I realized last night that when people say “it feels good to do something nice”, they lie. They lie really bad. A more correct quote might be “it feels good to HAVE DONE something nice.” There is a large difference. Here’s the story – for those of you that aren’t Catholic, there’s this thing every few years called World Youth Day – this year, it takes place in Toronto. In 1984 the Pope gave a cross to the “children of the World” and they have since been taking turns carting all around the World. Well, inexplicably, said cross ended up in Bolton last night – population few. The decision had been made that a procession would be made straight up Highway 50 (the main drag) from the main Catholic church to the Catholic school on the North Hill (Bolton is basically a big old valley). So they needed volunteers to first help direct cars into the provided spaces, and then to stop other cars from driving on the highway and running down the youth of the World and their big old cross. Being a good boy I volunteered to help the Rotary group do this. So I slapped on my cool construction guy vest with the reflectors, parked cars, then moved over to a plaza along 50 housing a Petro Canada.

Oh, and then the fun began.

It quickly became apparent to me what happens when you take all the Christians and put them on the street walking a cross. Why, the evil, foul, and generally objectionable people are all that remains. Apparently. You name it, I was called it.

Irate Driver: “HOW AM I SUPPOSED TO GET MY F–KIN’ PIZZA IF I CAN’T GET ACROSS THE F–KIN’ ROAD?!?”
Rick: “Well, you could park your car, walk across the street and get the pizza, then walk back to your car.”
Irate Driver: “ARE YOU F–KIN’ KIDDING ME!?!”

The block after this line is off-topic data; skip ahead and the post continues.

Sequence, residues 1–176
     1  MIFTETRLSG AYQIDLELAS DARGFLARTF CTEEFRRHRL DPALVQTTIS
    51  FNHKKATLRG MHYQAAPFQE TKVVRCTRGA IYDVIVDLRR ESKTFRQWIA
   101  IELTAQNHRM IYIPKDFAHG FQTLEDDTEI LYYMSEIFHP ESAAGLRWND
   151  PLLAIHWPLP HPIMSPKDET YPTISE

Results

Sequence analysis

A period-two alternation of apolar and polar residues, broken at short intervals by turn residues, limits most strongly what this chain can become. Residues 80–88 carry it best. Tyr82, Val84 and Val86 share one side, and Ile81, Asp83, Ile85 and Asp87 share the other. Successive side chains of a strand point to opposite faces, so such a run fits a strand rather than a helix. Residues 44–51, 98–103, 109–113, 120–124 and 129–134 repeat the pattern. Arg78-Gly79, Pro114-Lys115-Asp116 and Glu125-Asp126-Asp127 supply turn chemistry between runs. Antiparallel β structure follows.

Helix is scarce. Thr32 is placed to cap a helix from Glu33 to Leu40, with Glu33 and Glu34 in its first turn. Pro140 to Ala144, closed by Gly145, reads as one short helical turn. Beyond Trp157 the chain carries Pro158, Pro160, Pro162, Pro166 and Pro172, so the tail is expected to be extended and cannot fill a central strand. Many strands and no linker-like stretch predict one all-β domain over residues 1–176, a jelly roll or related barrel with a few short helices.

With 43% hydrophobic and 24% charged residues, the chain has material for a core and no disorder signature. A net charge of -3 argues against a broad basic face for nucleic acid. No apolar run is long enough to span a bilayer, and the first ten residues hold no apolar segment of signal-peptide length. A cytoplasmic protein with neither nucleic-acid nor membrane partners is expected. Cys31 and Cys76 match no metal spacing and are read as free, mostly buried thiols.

Rick: “No.”
Irate Driver: “FOR F–K’S SAKES!!!!”
Rick: “Ok.”

Irate Old Man: “HOW AM I SUPPOSED TO GET HOME?”
Rick: “You can cross downtown at King or south at Mayfield – take Coleraine along the back to get there.”
Irate Old Man: “BUT I JUST NEED TO GET THERE!!!” (pointing frantically across the street)
Rick: “Well, I guess you’ll have to drive there or there, eh?” (pointing north at King, south at Mayfield)
Irate Old Man: “NEVER HAVE I SEEN A PARADE THAT WOULDN’T ALLOW YOU TO CROSS A STREET!”
Rick: “Can’t say that again, can ya?”
Irate Old Man: “THIS IS THE STUPIDEST THING I’VE EVER SEEN!!”
Rick: “Sorry, Sir, next year I’ll bring my cross somewhere else.”

Irate Young Girl: “HOW DO I GET HOME?”
Rick: “You can cross downtown at King or south at Mayfield – take Coleraine along the back to get there.”
Irate Young Girl: “WHAT!!!!!????”
Rick: “You can cross downtown at King or south at Mayfield – take Coleraine along the back to get there.”
Irate Young Girl: “YOU MEAN I CAN’T JUST F–KIN’ DRIVE ACROSS THE F–KIN’ STREET?”
Rick: “Not here you can’t. At King or Mayfield you can.”
Irate Young Girl: “FOR A F–KIN’ CROSS!!! THIS IS THE F–KIN’ STUPIDEST THING I’VE EVER HEARD!!!”
Rick: “So I guess you’re not interested in waiting to see the cross then, eh?”

*sigh*

I phoned my Mom afterwards and said she wasn’t very popular around town seeing as I was a mother-this and a son-of-a-that. I was hit by three car bumpers of cars who were rather insistent on crossing the street, regardless of the fact that I was between them. I had one guy get on the highway so I got in front of him and told him to get back in the lot. He yelled a bit and I said sorry, nothing I can do, they give me this vest and now I wield supreme executive power upon the entire city (“MOOHAHAHA!!!”) and he said “ok, I’ll go back”. So I moved out of the way and he quickly ripped across the street anyways. But thank God for small victories, as one of the patrolling police cars quickly sped over to nab him as he entered the other plaza. :)

Long-winded but I had to vent I suppose. What a day. I’m happy to say that my parents and I closed the experience off with a most excellent dinner at The Angry Tomato – the spicy corn chowder and chicken creole were dead-on, props to the Chef.

Friday quiz, already delayed, I’ll do later tonight.

Cheers,
Rick Jessup